Our home was too small for the six of us. My brother had his own closet-size bedroom, but we three girls were crunched into one bedroom. There were three twin-size Sealy Posturepedic mattresses on box-springs, a couple of old walnut bureaus, and enough room to hop in and out of bed. A matching desk was crammed in, but you couldn’t sit there and study.
My bed was by the doorway, which was always left open. There was no privacy. So how was he able to come in nearly every night, plop on top of me, and do his thing? One night I awoke to his man-frame on me, his hand on my breast. I started kicking, which was not unusual, as I was a very mobile sleeper, and he woke up, grunted, and went back to their room.
One morning, this craziness was interrupted. I was still in my pajamas, getting ready for school, and on the way to the bathroom, she looked at me, and asked, sotto voce: “Did your father sleep with you last night?” And I nodded my head, yes. She turned and went on with her day.
The wound he had carved into my soul was opened wide when she admitted that she knew. She was very moody–I never knew what to expect from her–yelling, smiling, silence, noise. This time, there was absolutely no screaming. She did not walk back into their bedroom, close the door, and hit him with a lamp. She didn’t strike me, or hug me and promise to do something. She did not walk out the front door. He had two brothers and two brothers-in-law, who were trained to protect their sisters and daughters, something about being Italian, I was told. She didn’t pick up the phone and call any of these men, who would have dealt with him in unmentionable ways. She did not tell Grandpa. She said nothing. Though I was wishing, hoping, and praying that surely she would do something, she did nothing.
She knew and she did nothing. So I said nothing.
Since I was able to fade off during this type of assault, I survived. I excelled at school, which was my safe place. Teachers liked the fact that I was a good and quiet girl, though they sometimes mentioned that I seemed rather serious. I went to piano lessons, and practiced 30 minutes a day. I read books. I read all the YA books in the library.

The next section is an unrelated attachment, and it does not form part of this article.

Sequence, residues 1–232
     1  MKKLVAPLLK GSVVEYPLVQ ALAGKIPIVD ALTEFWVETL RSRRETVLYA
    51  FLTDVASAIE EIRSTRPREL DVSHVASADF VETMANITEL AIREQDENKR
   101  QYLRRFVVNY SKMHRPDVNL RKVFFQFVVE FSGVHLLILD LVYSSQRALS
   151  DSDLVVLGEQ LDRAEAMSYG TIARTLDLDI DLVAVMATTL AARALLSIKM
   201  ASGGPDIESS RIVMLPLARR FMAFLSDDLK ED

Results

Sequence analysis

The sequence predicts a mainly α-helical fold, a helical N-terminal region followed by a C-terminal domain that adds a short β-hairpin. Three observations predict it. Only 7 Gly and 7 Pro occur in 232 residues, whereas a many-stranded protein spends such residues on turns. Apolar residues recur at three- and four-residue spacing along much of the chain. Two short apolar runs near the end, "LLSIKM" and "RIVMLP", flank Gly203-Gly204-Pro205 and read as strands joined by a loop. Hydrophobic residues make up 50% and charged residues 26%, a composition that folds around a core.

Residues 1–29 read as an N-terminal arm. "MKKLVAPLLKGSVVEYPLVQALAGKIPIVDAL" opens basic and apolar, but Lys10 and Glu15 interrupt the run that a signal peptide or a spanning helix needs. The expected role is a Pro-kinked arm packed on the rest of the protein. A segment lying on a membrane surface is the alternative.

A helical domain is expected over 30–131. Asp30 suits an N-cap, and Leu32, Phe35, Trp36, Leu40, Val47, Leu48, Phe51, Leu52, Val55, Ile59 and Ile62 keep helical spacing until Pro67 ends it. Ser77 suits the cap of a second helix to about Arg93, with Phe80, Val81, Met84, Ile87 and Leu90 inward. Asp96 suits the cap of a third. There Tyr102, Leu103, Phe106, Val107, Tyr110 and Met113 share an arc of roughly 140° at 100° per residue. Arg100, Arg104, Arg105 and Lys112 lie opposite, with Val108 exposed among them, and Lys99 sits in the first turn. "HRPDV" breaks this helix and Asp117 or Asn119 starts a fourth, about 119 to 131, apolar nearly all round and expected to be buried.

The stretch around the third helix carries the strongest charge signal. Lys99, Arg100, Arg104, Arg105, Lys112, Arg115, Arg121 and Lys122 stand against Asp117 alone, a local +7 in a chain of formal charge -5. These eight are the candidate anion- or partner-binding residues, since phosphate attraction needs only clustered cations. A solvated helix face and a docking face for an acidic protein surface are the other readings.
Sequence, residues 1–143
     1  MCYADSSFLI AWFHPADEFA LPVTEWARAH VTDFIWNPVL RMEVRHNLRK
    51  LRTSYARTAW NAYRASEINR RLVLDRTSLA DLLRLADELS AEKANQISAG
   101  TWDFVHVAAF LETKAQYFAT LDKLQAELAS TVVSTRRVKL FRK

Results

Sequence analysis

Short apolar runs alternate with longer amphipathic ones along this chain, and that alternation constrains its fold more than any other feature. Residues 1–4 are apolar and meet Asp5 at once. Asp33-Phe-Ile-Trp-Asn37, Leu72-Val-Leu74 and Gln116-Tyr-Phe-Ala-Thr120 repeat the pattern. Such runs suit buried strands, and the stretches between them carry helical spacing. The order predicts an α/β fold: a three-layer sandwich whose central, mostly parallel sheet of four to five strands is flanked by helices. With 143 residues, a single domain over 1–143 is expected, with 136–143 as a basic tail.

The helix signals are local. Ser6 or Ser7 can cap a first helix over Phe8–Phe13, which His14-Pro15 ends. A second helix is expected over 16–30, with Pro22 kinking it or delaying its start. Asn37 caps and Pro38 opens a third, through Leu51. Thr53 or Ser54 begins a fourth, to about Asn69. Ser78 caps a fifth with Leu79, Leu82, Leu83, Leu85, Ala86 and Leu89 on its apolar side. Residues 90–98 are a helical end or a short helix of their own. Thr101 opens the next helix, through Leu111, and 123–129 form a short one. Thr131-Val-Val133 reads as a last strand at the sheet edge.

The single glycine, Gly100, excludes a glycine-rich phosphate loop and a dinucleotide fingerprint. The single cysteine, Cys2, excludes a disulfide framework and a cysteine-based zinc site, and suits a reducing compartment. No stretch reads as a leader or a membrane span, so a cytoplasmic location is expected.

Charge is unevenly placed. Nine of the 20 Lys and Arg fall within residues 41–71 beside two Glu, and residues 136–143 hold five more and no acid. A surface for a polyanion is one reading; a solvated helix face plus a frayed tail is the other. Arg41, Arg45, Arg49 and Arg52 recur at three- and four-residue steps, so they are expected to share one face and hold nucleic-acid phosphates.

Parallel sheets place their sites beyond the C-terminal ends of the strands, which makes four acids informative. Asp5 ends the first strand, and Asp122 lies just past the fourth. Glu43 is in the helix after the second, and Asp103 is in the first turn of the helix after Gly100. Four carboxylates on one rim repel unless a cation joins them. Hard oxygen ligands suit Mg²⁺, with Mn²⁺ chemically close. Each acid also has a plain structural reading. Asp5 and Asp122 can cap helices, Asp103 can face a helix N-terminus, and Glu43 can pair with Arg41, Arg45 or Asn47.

I developed insomnia. I lie there for who knows how long every night, crystal rosary beads under my pillow, and finally drifted off for a while.
Later, as an adult, I counseled many women who were abused. I used the local shelter, Interval House, starting with frightened phone calls and continuous encouragement. I kept my anger fresh, working very hard not to wear the victim badge. It took many tries before I was able to stay away from a home of abuse, simply because I was scared.
Then one day, a friend said to me, “Mary, you are different. I think you have reached a turning point.” And though I didn’t quite believe her, I decided to take that as my mantra.
Then I told my story to my dear Aunt Emma, a caring, no-nonsense woman, who’d had a lot of suffering in her large family. She believed me. It all made sense to her. And she said she was so very sorry.
That was enough for me to begin the long healing process. This one person, who reminded me that she had known me all my life and loved me through it all, believed me. And she was so very sorry.
Before Dad died, I tried to nudge him into acknowledging what he had done. He brushed off what I suggested. “There’s nothing to be sorry about.” Before Mom died, she folded into herself, developed dementia, and ceased to know me.
I had confronted them both, then let them go.
I am still walking the healing path, but I try to be very kind to myself. I am an ordained pastor now. I often use my voice and my writing to speak for the victims of family abuse. Since I have the privilege to speak, to preach, and to challenge people about the real possibility of change, my life is full of possibilities.